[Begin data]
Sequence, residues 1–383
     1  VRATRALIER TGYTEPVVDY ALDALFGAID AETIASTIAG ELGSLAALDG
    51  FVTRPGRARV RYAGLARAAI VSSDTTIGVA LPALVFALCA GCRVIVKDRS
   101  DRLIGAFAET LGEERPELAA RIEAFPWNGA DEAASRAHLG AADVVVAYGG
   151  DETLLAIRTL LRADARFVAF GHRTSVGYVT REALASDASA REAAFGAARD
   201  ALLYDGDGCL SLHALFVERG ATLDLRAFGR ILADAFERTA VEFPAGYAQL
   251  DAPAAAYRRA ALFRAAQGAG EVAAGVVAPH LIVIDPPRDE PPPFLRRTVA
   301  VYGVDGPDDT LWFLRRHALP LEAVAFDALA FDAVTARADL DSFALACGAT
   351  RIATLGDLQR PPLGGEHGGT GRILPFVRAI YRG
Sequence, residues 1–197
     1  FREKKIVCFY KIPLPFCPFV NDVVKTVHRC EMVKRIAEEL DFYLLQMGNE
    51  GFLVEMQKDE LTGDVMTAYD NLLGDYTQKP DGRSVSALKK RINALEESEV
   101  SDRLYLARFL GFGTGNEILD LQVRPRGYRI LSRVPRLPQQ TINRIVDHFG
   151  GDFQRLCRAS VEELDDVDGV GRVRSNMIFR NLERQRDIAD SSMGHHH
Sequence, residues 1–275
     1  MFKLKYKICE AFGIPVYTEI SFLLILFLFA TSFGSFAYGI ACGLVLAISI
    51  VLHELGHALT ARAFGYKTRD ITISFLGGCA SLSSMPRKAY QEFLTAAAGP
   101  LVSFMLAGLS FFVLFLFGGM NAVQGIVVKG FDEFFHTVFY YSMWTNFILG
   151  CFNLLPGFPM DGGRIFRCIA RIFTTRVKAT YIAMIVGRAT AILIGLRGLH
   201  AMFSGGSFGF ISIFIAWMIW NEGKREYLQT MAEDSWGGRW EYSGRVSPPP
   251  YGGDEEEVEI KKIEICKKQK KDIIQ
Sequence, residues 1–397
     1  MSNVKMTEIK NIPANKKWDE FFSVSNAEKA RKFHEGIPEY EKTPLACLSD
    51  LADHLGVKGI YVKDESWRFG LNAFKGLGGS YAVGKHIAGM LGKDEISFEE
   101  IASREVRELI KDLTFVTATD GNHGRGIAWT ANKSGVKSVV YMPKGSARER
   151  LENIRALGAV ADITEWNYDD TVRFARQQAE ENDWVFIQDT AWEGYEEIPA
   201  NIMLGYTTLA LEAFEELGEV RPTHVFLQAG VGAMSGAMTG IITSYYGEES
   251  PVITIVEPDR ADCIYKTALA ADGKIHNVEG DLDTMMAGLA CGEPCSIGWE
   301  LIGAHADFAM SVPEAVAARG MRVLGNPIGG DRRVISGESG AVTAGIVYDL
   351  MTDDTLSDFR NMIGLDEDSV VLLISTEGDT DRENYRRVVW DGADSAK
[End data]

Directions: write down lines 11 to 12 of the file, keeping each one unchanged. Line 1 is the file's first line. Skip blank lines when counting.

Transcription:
     1  FREKKIVCFY KIPLPFCPFV NDVVKTVHRC EMVKRIAEEL DFYLLQMGNE
    51  GFLVEMQKDE LTGDVMTAYD NLLGDYTQKP DGRSVSALKK RINALEESEV